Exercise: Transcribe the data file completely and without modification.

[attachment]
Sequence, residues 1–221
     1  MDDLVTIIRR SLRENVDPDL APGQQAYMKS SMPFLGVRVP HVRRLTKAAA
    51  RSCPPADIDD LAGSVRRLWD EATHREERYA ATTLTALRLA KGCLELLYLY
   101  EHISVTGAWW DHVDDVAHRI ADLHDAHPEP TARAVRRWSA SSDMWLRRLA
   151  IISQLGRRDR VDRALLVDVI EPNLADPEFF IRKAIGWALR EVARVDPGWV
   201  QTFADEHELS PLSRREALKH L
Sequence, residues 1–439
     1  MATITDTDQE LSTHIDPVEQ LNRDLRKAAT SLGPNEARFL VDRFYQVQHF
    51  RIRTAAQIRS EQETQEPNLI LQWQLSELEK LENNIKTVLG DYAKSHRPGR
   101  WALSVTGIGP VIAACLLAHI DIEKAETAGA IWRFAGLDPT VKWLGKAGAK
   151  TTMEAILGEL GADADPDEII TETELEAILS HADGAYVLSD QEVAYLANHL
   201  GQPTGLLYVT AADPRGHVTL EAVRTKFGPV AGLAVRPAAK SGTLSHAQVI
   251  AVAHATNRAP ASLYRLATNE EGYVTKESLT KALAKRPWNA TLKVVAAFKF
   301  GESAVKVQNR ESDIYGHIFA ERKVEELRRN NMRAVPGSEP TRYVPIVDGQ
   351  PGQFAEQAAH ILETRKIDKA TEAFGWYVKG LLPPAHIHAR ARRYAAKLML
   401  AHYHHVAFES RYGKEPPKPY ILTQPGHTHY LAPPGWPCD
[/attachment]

Sequence, residues 1–221
     1  MDDLVTIIRR SLRENVDPDL APGQQAYMKS SMPFLGVRVP HVRRLTKAAA
    51  RSCPPADIDD LAGSVRRLWD EATHREERYA ATTLTALRLA KGCLELLYLY
   101  EHISVTGAWW DHVDDVAHRI ADLHDAHPEP TARAVRRWSA SSDMWLRRLA
   151  IISQLGRRDR VDRALLVDVI EPNLADPEFF IRKAIGWALR EVARVDPGWV
   201  QTFADEHELS PLSRREALKH L
Sequence, residues 1–439
     1  MATITDTDQE LSTHIDPVEQ LNRDLRKAAT SLGPNEARFL VDRFYQVQHF
    51  RIRTAAQIRS EQETQEPNLI LQWQLSELEK LENNIKTVLG DYAKSHRPGR
   101  WALSVTGIGP VIAACLLAHI DIEKAETAGA IWRFAGLDPT VKWLGKAGAK
   151  TTMEAILGEL GADADPDEII TETELEAILS HADGAYVLSD QEVAYLANHL
   201  GQPTGLLYVT AADPRGHVTL EAVRTKFGPV AGLAVRPAAK SGTLSHAQVI
   251  AVAHATNRAP ASLYRLATNE EGYVTKESLT KALAKRPWNA TLKVVAAFKF
   301  GESAVKVQNR ESDIYGHIFA ERKVEELRRN NMRAVPGSEP TRYVPIVDGQ
   351  PGQFAEQAAH ILETRKIDKA TEAFGWYVKG LLPPAHIHAR ARRYAAKLML
   401  AHYHHVAFES RYGKEPPKPY ILTQPGHTHY LAPPGWPCD